The Cabs had no vocals at all for the first few numbers, which ruined ‘Nag Nag Nag’, but at least they did manage to dispel the notion that they’re impossible to dance to with ‘Here She Comes Now’; just as the treated-drum tapes on ‘On Every Other Street’ dispelled that old rhythm-generator millstone.
The most compelling part of their performance was the mounting tension of ‘The Set Lip’, a more urgent, unnerving reading than that on record. ‘No Escape’, like Joy Division’s ‘The Atrocity Exhibition’, took on a rather ironic meaning from my position in the pig-sty, but I was getting a bit tired by then…
A Certain Ratio, first of the Factory package, battled manfully against the bad sound and lost.
I imagine it’d be quite useful, given their unusual matching of jazz-funk drums with grainy drone-guitar textures, to be able to hear the latter once in a while. But the man on the mixing-desk apparently disagreed with me, as such men usually do. Funny, that…
Orchestral Manoeuvres, notable for the prat-of-the-year scale posing of vocalist Andy McCluskey, are mixed by their manager and get the best sound (and reception) so far. Hmmm.
Am I the only one, I ask myself as all and sundry go ga-ga over the irredeemably twee, puerile ‘Electricity’, who finds them completely worthless?
Is there anyone else who thinks they’re about as satisfying and substantial as a bag of crisps? I never realised so many people dug the Magic Roundabout theme.
Unquestionably, the real stars of the night were Joy Division.
Just as each song is an exercise in controlled musical dynamics expressing a particular emotional state, so the set as a whole builds from a somewhat sombre start to a feverish, cathartic climax, pressure added little by little rather than piled on suddenly. Small details add to the tension, like the slight tinge of vitriol Ian Curtis lends to the line “I remember when we were young” in’Insight’ — because, after all, we’re not children any more, so let’s stop pretending.
The final build-up and resolution of ‘Shadowplay’, ‘She’s Lost Control’ and ‘The Atrocity Exhibition’ is quite magnificent, proof that rock’n’roll and dignity can co-exist without lapsing into pomposity.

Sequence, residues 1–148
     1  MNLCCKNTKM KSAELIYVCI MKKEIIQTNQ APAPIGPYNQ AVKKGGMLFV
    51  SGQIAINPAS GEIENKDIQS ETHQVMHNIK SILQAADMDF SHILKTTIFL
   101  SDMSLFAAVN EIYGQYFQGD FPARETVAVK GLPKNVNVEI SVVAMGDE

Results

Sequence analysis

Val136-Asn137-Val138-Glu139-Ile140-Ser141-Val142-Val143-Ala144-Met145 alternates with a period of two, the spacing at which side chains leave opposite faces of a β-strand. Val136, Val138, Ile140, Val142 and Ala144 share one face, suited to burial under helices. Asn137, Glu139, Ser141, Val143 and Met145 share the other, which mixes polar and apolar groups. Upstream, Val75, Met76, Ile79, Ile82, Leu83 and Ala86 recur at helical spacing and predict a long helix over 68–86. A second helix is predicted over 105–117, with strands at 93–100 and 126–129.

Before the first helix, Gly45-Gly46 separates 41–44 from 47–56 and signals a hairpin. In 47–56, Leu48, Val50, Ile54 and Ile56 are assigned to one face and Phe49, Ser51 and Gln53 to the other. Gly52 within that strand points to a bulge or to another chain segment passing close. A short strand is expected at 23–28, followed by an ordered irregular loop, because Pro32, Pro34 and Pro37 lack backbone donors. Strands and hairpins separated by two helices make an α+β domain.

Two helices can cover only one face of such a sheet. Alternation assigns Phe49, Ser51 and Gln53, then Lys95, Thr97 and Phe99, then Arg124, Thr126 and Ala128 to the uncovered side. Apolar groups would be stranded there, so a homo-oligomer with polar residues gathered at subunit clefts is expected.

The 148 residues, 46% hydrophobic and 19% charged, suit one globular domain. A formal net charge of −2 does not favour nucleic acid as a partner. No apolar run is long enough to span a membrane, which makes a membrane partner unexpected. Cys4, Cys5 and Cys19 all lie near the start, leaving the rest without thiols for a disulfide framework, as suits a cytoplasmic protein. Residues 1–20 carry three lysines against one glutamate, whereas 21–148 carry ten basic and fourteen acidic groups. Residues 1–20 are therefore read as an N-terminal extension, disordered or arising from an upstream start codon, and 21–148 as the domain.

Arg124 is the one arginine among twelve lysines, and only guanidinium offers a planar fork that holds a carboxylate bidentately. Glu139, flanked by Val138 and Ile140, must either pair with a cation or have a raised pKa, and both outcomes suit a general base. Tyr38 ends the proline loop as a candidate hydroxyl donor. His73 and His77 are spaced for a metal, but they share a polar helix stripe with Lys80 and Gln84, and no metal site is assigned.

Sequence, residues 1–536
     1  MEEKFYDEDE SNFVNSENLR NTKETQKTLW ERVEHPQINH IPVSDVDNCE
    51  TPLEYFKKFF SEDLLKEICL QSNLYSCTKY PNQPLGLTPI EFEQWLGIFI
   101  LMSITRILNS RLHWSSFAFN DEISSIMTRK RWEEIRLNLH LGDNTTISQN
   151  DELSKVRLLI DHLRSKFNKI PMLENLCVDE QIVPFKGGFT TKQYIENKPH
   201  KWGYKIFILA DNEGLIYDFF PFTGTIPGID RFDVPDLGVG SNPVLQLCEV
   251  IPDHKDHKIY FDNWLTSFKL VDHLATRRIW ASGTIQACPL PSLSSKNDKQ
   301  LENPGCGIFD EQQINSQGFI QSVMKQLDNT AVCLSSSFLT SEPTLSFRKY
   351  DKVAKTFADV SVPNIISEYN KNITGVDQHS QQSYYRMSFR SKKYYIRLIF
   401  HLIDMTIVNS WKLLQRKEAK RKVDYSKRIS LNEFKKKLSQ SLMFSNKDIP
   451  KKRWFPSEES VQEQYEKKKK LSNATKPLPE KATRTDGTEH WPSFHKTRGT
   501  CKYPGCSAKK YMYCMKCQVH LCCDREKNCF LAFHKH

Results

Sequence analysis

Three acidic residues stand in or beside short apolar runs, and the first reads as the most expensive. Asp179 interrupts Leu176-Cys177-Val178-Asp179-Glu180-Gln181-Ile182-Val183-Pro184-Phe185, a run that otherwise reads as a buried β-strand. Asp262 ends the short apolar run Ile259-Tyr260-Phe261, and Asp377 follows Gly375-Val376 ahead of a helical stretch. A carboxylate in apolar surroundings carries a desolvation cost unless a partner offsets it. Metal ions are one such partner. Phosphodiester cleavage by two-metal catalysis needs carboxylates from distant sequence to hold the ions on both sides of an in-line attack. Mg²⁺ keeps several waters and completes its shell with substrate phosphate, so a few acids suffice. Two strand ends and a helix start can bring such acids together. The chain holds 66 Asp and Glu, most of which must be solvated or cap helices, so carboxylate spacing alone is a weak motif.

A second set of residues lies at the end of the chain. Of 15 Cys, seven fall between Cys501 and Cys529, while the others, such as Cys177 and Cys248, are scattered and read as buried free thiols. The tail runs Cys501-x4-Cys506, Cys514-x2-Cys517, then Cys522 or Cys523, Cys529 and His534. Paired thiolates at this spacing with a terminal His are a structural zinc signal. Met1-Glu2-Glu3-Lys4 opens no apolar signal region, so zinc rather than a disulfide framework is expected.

Joy Division moved me, physically, emotionally and mentally. They did not insult me. This is rare, and it is good.
To follow their harrowing intensity with a comic magician is an act of supreme bathos masquerading as light relief. The Invaders must have been grateful for the break, as their brand of ‘clever’ power-pop would have appeared even worse in direct comparison with Joy Division.
They don’t seem to have realised that tarting-up weak, insipid pop with fancy keyboard frills is just not good enough in this day and age: what ‘Gimme Some Space’ — their (ostensibly humorous) sour-grapes dig at the press — overlooks is that they don’t deserve any.
Tymon Dogg, an eccentric, whining fellow with a fiddle who kicked various kinds of incongruous shit around, was followed by Punishment Of Luxury, who, though they went down well enough to get an encore, disappointed me immensely.
Since I last saw them, they’ve become a lot slicker, more professional, but they’ve lost the grass-roots spontaneity and intimacy which gave their gigs that electric edge of unease, a state of affairs exacerbated by the transition from small club to large hall.
In a nutshell, their music — that idiosyncratic and often enervating Gothic HM funk — has expanded to fill the larger stage, but their presentation hasn’t; the theatrics are dwarfed, their sense of personal assault lost. They just look silly.
In the circumstances, Punilux were probably right to concentrate on riff-bombardment; unfortunately, the net result was that their most impressive pieces on record — ‘Laughing Academy’ and ‘Obsession’ — came across as heavy-handed, overblown and pompous. And after 12 uncomfortable hours, I could do without that.
And so to the unveiling of the emperor’s new clothes…
Public Image Ltd were so dire, so totally devoid of musical merit, that I have great difficulty in seeing their performance as anything other than a continuation of the exorcism begun with their album, or a kind of Zen Lesson concerning idolatry and expectation.
Certainly, these are the only explanations which leave John Lydon’s credibility intact.